There is no union in my workplace; will I still have to post the notice?
Yes. Because NLRA rights apply to union and non-union workplaces, all employers subject to the Board’s jurisdiction (aside from the USPS) will be required to post the notice.
I am a federal contractor. Will I have to post the notice?
The Board’s notice posting rule will apply to federal contractors, who already are required by the Department of Labor to post a similar notice of employee rights. A contractor will be regarded as complying with the Board’s notice posting rule if it posts the Department of Labor’s notice.
I operate a small business. Will I have to post the Board’s notice?
The rule applies to all employers subject to the Board’s jurisdiction, other than the U.S. Postal Service. The Board has chosen not to assert its jurisdiction over very small employers whose annual volume of business is not large enough to have a more than a slight effect on interstate commerce. The jurisdictional standards are summarized in the rule.
How will I get the notice?
The Board will provide copies of the notice on request at no cost to the employer beginning on or before November 1, 2011. These can be obtained by contacting the NLRB at its headquarters or its regional, sub-regional, or resident offices. Employers can also download the notice from the Board’s website and print it out in color or black-and-white on one 11-by-17-inch paper or two 8-by-11-inch papers taped together. Finally, employers can satisfy the rule by purchasing and posting a set of workplace posters from a commercial supplier.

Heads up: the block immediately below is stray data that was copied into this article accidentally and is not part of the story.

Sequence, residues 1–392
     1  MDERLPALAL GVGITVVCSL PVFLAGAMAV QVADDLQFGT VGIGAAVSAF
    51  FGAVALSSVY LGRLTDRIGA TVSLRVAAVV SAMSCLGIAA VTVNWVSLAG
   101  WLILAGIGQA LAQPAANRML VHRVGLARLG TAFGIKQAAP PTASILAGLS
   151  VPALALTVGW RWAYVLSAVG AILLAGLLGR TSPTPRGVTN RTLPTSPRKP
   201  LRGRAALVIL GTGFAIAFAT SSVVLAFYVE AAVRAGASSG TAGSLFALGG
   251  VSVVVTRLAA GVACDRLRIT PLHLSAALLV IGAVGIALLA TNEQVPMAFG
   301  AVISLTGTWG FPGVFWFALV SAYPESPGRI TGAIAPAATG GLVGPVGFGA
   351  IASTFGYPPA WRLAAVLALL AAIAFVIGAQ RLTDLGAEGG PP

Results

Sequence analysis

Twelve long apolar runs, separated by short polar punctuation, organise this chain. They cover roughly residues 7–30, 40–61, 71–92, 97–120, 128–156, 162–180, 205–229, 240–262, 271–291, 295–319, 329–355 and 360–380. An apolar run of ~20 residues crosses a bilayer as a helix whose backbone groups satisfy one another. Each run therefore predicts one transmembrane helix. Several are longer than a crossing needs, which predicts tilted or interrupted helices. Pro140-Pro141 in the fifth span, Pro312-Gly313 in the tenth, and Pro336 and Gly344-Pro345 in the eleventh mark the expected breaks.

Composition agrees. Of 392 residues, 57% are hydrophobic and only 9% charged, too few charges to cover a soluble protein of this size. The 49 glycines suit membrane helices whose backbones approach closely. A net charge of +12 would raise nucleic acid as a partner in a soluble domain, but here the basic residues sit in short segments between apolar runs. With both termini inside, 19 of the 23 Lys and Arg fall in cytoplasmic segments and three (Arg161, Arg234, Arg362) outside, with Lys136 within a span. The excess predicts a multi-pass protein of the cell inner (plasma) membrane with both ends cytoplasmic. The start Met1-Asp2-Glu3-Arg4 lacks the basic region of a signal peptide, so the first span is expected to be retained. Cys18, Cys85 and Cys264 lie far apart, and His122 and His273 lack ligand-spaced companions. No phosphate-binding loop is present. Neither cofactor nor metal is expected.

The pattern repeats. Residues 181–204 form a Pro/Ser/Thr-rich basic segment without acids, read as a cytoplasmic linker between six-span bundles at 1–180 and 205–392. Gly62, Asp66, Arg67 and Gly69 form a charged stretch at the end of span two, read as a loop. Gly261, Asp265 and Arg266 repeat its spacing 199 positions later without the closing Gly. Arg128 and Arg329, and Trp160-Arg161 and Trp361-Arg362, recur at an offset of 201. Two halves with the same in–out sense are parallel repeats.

What if I communicate with employees electronically?
In addition to the physical posting, the rule requires every covered employer to post the notice on an internet or intranet site if personnel rules and policies are customarily posted there. Employers are not required to distribute the posting by email, Twitter or other electronic means.
Many of my employees speak a language other than English. Will I still have to post the notice?
Yes. The notice must be posted in English and in another language if at least 20% of employees are not proficient in English and speak the other language. The Board will provide translations of the notice, and of the required link to the Board’s website, in the appropriate languages.
Will I have to maintain records or submit reports under the Board’s rule?
No, the rule has no record-keeping or reporting requirements.
How will the Board enforce the rule?